As marketers, it is essential to know how to assign credit to the proper campaign. Without proper attribution, you have little way to know whether the dollars you are spending on a television commercial, print ad or other efforts are providing you with the necessary return.
In the “olden days,” giving credit where it was due was relatively simple. The order form that customers mailed in carried a code that identified the magazine ad or catalog that had generated the sale. When ordering by telephone, customers gave an extension number that identified the commercial they had seen or heard. Discount codes or coupons could be tied to specific campaigns.
Today, however, your marketing efforts span a variety of online and offline channels. Your customers may receive your message from a number of different sources, any one of which might spur them to take action. With so many touch-points, how can you give proper attribution?
In reality, many companies are not even trying. According to a February 2015 survey by eMarketer, 38 percent of the respondents reported that they had no type of attribution model in place. Another 21 percent stated that they gave equal credit to all touch-points, 19 percent gave full credit only to the final touch-point, and 15 percent credited the lead source.
With all of the buzz surrounding metrics and analytics, why are marketers having so much trouble with cross-channel attribution? True, accurate attribution spanning all channels is not a walk in the park for novices. It requires new models and modern methods that can stand up to the complexities involved. However, many marketers are hindering their own efforts by believing some widely circulated myths about cross-channel attribution. Here are the most common such myths — and the truth about them.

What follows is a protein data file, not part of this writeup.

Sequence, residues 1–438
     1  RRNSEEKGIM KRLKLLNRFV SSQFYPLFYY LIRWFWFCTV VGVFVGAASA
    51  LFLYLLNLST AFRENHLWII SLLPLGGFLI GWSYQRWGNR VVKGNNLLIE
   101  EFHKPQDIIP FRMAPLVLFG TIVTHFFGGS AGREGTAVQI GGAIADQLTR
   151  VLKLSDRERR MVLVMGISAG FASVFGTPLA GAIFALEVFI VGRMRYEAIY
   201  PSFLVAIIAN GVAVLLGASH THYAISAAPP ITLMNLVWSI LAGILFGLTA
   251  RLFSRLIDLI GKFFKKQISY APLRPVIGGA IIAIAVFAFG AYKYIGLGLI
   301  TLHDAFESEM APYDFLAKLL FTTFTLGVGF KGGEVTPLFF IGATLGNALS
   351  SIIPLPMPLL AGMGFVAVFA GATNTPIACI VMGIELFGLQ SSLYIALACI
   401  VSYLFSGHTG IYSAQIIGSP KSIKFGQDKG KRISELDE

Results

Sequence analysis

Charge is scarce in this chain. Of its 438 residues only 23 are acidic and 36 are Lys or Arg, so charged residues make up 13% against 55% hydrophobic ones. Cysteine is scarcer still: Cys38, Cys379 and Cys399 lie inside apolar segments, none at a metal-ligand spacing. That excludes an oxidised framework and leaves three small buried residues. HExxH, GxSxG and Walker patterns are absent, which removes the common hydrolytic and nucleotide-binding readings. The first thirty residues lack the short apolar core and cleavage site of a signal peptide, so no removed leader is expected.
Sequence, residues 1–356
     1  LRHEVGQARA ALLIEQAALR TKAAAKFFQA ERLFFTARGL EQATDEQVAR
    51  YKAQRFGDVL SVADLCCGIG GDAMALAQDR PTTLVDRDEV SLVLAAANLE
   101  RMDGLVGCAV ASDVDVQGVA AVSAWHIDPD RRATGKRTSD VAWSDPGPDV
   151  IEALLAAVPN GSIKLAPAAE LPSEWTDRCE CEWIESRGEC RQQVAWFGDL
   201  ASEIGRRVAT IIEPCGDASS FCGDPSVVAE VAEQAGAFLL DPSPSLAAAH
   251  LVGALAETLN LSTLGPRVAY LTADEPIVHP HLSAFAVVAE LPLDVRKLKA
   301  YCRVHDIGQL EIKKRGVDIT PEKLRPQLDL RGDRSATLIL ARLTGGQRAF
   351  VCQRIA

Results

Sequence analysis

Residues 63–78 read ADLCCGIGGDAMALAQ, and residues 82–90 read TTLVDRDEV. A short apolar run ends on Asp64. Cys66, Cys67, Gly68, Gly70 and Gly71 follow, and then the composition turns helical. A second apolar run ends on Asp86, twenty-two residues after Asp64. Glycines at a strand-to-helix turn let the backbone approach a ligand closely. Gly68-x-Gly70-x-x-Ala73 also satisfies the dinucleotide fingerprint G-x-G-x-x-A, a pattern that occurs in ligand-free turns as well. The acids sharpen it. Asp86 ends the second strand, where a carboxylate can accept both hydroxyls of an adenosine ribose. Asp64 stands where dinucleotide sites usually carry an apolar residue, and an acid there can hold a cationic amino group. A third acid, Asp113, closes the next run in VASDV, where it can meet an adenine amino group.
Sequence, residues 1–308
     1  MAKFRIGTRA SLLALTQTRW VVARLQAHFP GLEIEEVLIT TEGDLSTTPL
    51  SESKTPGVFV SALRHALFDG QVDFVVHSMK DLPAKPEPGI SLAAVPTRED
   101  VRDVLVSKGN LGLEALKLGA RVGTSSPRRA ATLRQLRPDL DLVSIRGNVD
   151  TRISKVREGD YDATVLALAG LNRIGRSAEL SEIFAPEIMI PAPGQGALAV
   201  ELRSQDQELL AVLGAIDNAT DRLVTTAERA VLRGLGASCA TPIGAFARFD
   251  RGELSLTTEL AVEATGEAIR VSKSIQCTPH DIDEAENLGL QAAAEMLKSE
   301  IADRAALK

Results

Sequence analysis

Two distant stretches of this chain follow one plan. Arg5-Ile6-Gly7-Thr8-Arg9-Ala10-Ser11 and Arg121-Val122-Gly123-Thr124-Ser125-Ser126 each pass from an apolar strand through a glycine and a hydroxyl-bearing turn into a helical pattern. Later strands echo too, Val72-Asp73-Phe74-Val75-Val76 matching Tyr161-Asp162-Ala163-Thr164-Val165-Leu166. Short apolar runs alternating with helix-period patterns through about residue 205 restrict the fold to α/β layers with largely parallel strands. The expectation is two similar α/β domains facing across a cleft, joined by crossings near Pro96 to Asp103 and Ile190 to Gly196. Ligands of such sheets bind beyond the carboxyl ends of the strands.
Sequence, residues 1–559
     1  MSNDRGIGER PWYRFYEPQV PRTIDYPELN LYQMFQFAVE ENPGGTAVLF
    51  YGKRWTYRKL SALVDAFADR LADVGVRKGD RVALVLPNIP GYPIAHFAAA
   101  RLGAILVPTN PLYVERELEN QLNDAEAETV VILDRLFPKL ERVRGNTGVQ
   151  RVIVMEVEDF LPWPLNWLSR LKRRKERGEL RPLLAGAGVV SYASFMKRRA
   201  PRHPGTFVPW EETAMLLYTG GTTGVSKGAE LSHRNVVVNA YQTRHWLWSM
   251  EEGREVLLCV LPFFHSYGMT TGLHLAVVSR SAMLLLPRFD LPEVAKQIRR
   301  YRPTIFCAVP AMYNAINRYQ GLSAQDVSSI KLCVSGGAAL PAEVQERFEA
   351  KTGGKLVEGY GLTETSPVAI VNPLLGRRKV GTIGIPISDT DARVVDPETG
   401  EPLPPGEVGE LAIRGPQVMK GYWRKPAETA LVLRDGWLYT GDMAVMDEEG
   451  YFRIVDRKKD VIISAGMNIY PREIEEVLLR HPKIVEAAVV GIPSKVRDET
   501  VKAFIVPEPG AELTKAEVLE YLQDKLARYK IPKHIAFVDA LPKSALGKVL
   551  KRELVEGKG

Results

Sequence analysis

1. Myth: Attribution is just for digital channels.
There was a time when cross-channel attribution focused almost exclusively on the digital channels. After all, assigning attribution for offline channels was much less difficult. Today, however, you need to include both offline and online channels to get a complete picture of your customer’s purchase journey. Furthermore, it can help you account for more than just the lead or the conversion. The analytics can help you understand how the actions of your competitors or current weather conditions could be impacting your business.
2. Myth: Predictive models are little more than guesswork.
It is true that you can have a bad model, or that the people interpreting the data may lack the expertise to provide you with any meaningful insight. However, a combination of the best models and highly competent people can provide accurate projections in approximately 80 percent of the scenarios.
3. Myth: Mix modeling and attribution cannot be integrated.
In reality, these technologies are already being integrated to replace outdated planning and analysis stages. The result is adaptive marketing that can offer a more granular connection with customers and alter how marketing messages are delivered.
4. Myth: I do not have sufficient data to justify attribution attempts.
Naturally, the more data you have, the better your accuracy will be. However, anything is better than nothing, and you can always engage a third-party provider to furnish you with the data that you lack.
5. Myth: Cross-channel attribution includes a great deal of data that is duplicated or otherwise irrelevant.
Again, it all comes down to the quality of your attribution technology. Although some low-end processes can include overlooked media or “cookie stuffing,” the better ones can filter the results to ensure that only what is relevant ends up being counted.
6. Myth: My consulting firm or agency is already handling cross-channel analytics for me.
Consulting firms and agencies are a far cry from attribution providers. As of 2015, if you were to make a list of all cross-channel attribution providers in the world, you would not find the name of a single marketing consulting firm or agency on that list.
In today’s competitive economy, the pressure is on for marketers to measure, quantify and justify their efforts. Cross-channel analytics can help you meet the challenges you face and move your company forward.